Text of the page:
What do online banking accounts, payment services like PayPal and marketplaces like Amazon have in common? Many of them are secured by a PIN. Simple combinations of numerals and letters are not necessarily secure because cyber criminals can easily crack them. User data and personal and sensitive information are particularly worthy of protection. This is why passwords are not enough to guarantee this security. Various technologies such as artificial intelligence (AI), virtual reality (VR) and voice control are currently the subject of intensive investigation by stakeholders such as journalists, researchers and politicians because they offer enormous development potential. The rapid development of these technologies forces us to respond to how we can protect digital identities.
The vulnerabilities of conventional passwords
Although passwords have a long history in information security, they are far from perfect. They can easily be cracked, forgotten or stolen. Many users use weak passwords or repeat them across multiple services – and in doing so, further compromise security. Many people find it tiresome to remember new and complex passwords constantly.
The security experts at Home Security Heroes applied an AI hacking tool to millions of passwords. They fed a total of 15.6 million commonly used passwords into an AI system, of which 51 per cent of which were cracked in less than a minute. This was mainly because most users rely on weak passwords that are easy to guess. For example, passwords such as ‘123456789’ and ‘password’ have topped the most popular passwords for years. These passwords do not even need to be cracked since they are already widely available in databases of frequently used passwords. In addition to these common passwords, weak passwords often use a low number of characters and feature low character variation.
Added to this is that passwords are also not particularly user-friendly – users often find them frustrating and awkward. To increase security, passwords often have to meet complex requirements – such as uppercase and lowercase, as well as special characters and numbers. This makes it difficult for users to remember their passwords. To make matters worse, complex passwords are more likely to be forgotten, leading to frequent password reset requests.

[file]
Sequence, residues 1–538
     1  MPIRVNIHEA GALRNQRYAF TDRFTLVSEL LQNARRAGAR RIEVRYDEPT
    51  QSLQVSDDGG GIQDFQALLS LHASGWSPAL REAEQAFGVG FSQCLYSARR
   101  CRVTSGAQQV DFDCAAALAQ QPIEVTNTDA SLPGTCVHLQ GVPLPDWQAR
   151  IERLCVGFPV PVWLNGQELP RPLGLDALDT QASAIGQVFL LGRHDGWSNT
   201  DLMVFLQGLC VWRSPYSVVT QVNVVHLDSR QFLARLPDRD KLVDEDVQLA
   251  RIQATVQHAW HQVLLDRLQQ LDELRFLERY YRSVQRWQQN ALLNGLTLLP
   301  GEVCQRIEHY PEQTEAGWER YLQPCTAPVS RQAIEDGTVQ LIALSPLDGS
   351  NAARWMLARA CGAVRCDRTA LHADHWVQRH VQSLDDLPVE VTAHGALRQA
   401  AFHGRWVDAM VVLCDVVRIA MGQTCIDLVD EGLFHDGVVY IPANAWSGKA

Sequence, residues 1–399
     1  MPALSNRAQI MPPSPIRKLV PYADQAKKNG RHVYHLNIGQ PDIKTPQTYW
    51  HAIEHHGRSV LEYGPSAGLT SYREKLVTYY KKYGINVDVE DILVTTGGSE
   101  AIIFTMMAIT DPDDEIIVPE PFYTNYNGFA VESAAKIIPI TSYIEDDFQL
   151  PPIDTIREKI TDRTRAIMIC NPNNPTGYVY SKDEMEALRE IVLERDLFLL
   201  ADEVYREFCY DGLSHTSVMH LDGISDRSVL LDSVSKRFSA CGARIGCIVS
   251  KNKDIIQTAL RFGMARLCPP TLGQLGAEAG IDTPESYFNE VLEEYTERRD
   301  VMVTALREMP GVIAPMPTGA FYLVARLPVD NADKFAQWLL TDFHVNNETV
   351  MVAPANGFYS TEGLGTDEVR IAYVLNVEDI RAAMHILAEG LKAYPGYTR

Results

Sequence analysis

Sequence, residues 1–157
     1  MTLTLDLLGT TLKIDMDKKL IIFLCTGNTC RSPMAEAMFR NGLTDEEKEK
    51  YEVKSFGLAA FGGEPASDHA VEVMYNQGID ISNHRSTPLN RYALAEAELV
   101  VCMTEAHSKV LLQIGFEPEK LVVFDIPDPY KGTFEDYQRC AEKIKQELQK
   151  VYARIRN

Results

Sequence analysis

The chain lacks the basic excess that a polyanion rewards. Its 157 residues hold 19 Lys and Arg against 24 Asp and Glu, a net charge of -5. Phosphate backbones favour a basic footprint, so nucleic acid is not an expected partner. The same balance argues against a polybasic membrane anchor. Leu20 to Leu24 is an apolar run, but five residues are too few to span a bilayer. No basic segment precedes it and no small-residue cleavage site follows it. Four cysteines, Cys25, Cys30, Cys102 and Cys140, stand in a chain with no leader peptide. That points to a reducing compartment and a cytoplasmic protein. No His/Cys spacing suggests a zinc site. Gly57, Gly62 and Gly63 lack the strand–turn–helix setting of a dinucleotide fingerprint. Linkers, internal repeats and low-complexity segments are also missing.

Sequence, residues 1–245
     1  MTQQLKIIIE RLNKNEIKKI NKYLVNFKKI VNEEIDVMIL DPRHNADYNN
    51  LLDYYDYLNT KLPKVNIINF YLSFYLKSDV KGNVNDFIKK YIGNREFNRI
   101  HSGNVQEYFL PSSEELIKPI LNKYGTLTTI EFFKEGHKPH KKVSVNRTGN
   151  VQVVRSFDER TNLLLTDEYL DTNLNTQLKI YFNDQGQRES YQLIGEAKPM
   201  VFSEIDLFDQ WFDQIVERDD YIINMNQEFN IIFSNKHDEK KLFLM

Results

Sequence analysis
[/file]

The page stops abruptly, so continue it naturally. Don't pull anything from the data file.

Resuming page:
Alexa, complete the transaction
Voice-enabled transactions and passwordless authentication share common characteristics, especially with regard to the security and user-friendliness of digital transactions. The proliferation of voice-enabled virtual assistants such as Amazon Alexa means the need for passwords is increasingly being questioned. These devices allow users to make requests and execute transactions using spoken commands alone. This not only offers a more convenient user experience but also has the potential to increase security.
Amazon Alexa, for example, has the ability not only to perform tasks or requests via voice commands but also transactions. On the one hand, voice-enabled virtual assistants usually utilise advanced biometric technologies – such as voice recognition – to verify the identity of users. This ensures that only authorised persons can execute transactions. This approach also reduces the level of dependence on traditional passwords and can offer enhanced security.
VR as the key to better security in authentication
The idea behind using VR as an authentication tool is to utilise the unique biometric characteristics of each user to confirm their identity. This is done by collecting and analysing data generated while a VR system is used. The mode of operation is based on biometric principles:
VR systems can accurately track a user’s facial and eye movements. This makes it possible to authenticate users from their gaze patterns and the way they move their facial muscles. The process of tracking hand and finger movements in a VR environment can function as a biometric feature. How a person moves their hands and gestures is unique and can be used for identification purposes. What’s more, these systems are able to detect a user’s gait and posture. The way in which each individual walks or moves can also be used as an identification feature. However, the user’s speech and voice can also confirm their identity.
The future is passwordless
Technologies such as virtual reality and voice-enabled assistants like Amazon Alexa offer interesting opportunities to make digital transactions more user-friendly and secure. Virtual reality uses biometrics to authenticate users, while Alexa offers passwordless authentication based on voice recognition. These technologies show that the future of authentication involves using unique biometric features and convenient methods of interaction. However, the future is already upon us: passkeys enable secure authentication without a password.